“Apparently, there was a bit of a commotion in the shop. The jackpot had been hit the previous Tuesday—a dozen people had hit it. One of the twelve winning tickets had been purchased from that gas station! Everyone was talking about it. But no one knew who it was, because no one had claimed the ticket yet.

“Like I said, James had this strange look in his eyes when he got in the car and told me. He said he knew who had bought that ticket—Julia—and at first, I told him he was crazy. I didn’t want to believe it. But the more I thought about it, the more it made sense. That was where Julia always bought her tickets. And why wouldn’t someone claim their share of the jackpot? No one forgets to redeem $1.7 million. Unless they couldn’t. Unless they were dead. We never wanted to forget about what happened to Julia— that lost ticket became a symbol to us. It was like a gift she’d left us, James said. It was our responsibility to find and redeem it.”

The woman paused to take a drink of water from a bottle that Dimsberg handed her. Barbara looked around, and everyone was waiting on her next words with rapt attention. “We started by searching her apartment,” Shirley said. “All her old rooms. We became obsessed with finding that ticket. Pretty quickly, things started to get out of hand. We bought an X-ray detector, an infrared camera. We tore the furniture apart. Pried open the floorboards. We looked everywhere a ticket could be. All of Julia’s dear clothes—we ripped open their seams and pockets. But we found nothing. We were sitting in the kitchen one morning, drinking coffee, and James was saying we’d looked everywhere.

“Suddenly I remembered Julia lying in her coffin at the wake, in the suit she’d been wearing the day she interviewed for her new job. It was her only suit. Could she have bought the ticket the same day as her interview? Could the ticket still be inside that suit? I said it was at least possible. I looked over at James and he had that strange look in his eyes again. I was afraid to ask, but I already knew what he was thinking. It was the same thing I was thinking. Forgive us, dear Lord, we’ve both gone a little crazy since Julia left us. James said her spirit was not at rest. Was it possible that we could desecrate our own child’s grave to find that ticket? I firmly believed she wanted us to.” Shirley looked around the circle. “I know how all this must sound to you—!”

“You’re among friends,” Dimsberg said. “There’s no judgment here.”

The husband continued staring down, unmoving. There was only a slight ripple along his jawline as his wife spoke, as if he were grinding his teeth. Shirley held onto him tightly. “That night,” she began—she was almost whispering, and Barbara had to strain to hear—“James and I went back to the grave. We had a bag of tools in the back of our pickup. There were two of us shoveling, but it still took hours. Finally, we got down to the coffin. I remember the sound of James’s spade scraping against the wood, and it seemed to snap me out of my trance. Suddenly, I felt that we shouldn’t be doing this—that what we were doing was wrong, horribly wrong.

“But James said we had gone too far already. I said all right, but you have to do the rest. I turned away and I heard him grunting and prying open the lid of the coffin with the crowbar. I heard the snap as it opened. James was shrieking, and I covered my ears and shut my eyes, and I shouted at him to grab the ticket, grab the ticket! It seemed like hours before I finally heard the noise of the lid slamming closed. When I opened my eyes, James was standing there. He could hardly speak.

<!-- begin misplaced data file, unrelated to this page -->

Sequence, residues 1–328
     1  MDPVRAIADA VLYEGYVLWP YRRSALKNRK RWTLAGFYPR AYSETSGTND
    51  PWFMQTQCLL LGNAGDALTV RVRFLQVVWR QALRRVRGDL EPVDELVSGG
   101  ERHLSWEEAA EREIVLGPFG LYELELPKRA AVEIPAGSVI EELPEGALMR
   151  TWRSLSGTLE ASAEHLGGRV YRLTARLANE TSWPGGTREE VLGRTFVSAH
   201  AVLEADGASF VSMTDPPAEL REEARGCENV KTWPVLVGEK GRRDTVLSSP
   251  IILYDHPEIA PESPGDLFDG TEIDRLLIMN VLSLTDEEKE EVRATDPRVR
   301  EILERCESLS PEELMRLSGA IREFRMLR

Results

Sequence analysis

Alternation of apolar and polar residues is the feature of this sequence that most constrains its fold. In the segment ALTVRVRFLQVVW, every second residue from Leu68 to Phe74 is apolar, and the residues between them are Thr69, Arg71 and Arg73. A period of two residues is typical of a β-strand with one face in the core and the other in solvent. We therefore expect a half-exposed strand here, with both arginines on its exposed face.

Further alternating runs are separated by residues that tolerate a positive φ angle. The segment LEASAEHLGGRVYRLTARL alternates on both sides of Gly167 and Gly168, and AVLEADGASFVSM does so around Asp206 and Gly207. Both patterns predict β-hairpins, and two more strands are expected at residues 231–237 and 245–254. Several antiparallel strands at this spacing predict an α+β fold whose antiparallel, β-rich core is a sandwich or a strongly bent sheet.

“‘Did you get it?’ I said. I could see in one hand he was still clutching the crowbar—and in the other he was holding a slip of paper. It was the ticket!”

Someone in the circle audibly gasped. Barbara realized she hadn’t taken a breath in several moments. She had never heard a story such as this.

“Go on,” Dimsberg said.

“We went back to the gas station the next afternoon.” The life had drained from Shirley’s voice now. “The ticket wasn’t the winning jackpot ticket after all. We told him to check again, and he said that he was absolutely certain that it was not the winning ticket. Julia had only gotten two of the numbers right—but it was still worth fifty bucks.”

The way the woman said “fifty bucks” made Barbara cringe—like they were all victims of some sick joke.

Shirley closed her eyes for a moment. “James hardly speaks anymore, since that night. But I know we’re on the same page. Fifty dollars is far from enough. We play every drawing now, for Julia’s sake. We started buying seven tickets a time, because that was the day she was born. Then we bought seventeen every time, because that was both the month and the day she was born. Then thirty-seven every time, factoring in her birth year and age. Still, we haven’t won. But we know we will if we can just find the right number to buy. Julia is worth more than fifty goddamned dollars.”

Here, the woman fell silent.

“Hey, at least she won,” Dimsberg said. “Lucky Julia, you know?”

Quickly, Barbara rose—feeling everyone’s eyes turn to her—and left the circle. She nearly ran.

Once outside, Barbara leaned her head against the cool brick of the Community Center, smoking a cigarette. No one else came out. She couldn’t believe they could all still sit there, after hearing a story like that. What she needed was to get away from them for a moment. What she needed was a drink, she thought, recalling Chimsky’s offer. She ground the butt to ash on top of the trash bin, and stepped across to the pay phone beside it.